As opposed to 2007, this year the planet is off to a colder than average start. Empirical evidence suggests that the planet was cooler over the past 12 months. While far from definitive evidence that global warming has been reversed – as a few hyperbolic bloggers have claimed – it is clearly worth noting. Even more so if 2008 continues as a relatively cool year, coming on top of several years of no additional warming.

The lack of coverage of the brutal winter is also strong evidence of media bias. Many news stations willingly played clips displaying massive chunks of glacial ice falling into the ocean. For awhile there were many stories about the loss of Arctic ice until recently, but now that the ice has returned to high levels thanks to a very cold Arctic winter, there is almost no coverage.

Again, extraordinary winter conditions do not suggest global warming is reversing; however, it does indicate that alarmist views should at least be questioned before policymakers implement costly legislation. The United States should learn from the European Union’s history of failure in dealing with climate change policy. The EU implemented a number of costly targets that miserably failed. Instead of creating such targets, the United States should push for market-oriented solutions For instance, the Asian Pacific Partnership on Clean Development & Climate is an innovative, voluntary approach to address climate change. The seven-country partnership, including India and China, will work with the private sector to develop cleaner technology.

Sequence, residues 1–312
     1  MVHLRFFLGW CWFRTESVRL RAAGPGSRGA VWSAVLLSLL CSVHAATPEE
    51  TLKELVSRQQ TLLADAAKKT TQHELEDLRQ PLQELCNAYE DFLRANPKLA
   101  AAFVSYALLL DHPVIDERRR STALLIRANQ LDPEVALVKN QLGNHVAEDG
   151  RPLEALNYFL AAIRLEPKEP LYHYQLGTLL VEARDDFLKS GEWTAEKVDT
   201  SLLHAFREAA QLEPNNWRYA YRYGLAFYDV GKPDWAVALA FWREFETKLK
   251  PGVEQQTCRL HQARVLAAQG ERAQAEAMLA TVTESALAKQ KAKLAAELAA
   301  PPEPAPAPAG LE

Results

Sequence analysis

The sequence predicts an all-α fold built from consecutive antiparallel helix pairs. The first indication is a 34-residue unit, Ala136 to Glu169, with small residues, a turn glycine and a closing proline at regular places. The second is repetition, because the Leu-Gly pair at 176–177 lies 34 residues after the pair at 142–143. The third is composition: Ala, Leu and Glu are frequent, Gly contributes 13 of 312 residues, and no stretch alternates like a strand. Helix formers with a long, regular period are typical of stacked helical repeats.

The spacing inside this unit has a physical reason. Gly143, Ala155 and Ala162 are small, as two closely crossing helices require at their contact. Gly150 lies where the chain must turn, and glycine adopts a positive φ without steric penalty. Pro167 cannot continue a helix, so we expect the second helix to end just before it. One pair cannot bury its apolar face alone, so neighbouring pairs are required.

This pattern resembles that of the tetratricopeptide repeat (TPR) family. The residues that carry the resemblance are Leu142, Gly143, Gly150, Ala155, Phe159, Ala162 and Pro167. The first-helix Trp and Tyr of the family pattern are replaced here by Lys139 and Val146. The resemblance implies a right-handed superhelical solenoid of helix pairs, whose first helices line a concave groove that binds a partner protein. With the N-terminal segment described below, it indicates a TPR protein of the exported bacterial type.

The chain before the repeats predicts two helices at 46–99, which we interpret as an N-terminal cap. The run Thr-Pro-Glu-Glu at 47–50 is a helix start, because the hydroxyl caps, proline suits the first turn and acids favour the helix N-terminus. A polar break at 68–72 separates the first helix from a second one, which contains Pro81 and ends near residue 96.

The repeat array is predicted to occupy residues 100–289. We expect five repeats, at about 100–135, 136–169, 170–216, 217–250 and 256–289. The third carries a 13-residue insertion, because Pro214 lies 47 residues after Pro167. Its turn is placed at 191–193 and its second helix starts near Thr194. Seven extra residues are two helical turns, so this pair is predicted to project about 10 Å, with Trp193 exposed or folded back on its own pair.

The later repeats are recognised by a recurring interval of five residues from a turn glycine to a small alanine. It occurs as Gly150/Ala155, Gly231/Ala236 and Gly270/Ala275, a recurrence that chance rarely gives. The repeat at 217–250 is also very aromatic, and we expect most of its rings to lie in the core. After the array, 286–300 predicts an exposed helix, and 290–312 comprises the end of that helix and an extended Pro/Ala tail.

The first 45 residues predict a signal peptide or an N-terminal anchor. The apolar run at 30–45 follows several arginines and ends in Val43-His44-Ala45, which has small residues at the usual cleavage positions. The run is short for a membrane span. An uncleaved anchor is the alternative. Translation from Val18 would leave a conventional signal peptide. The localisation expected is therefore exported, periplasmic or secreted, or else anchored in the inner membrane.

Legislative proposals in the United States will undoubtedly be costly. Whether or not these costs are worthwhile will be the key question in the upcoming debate over climate-change legislation.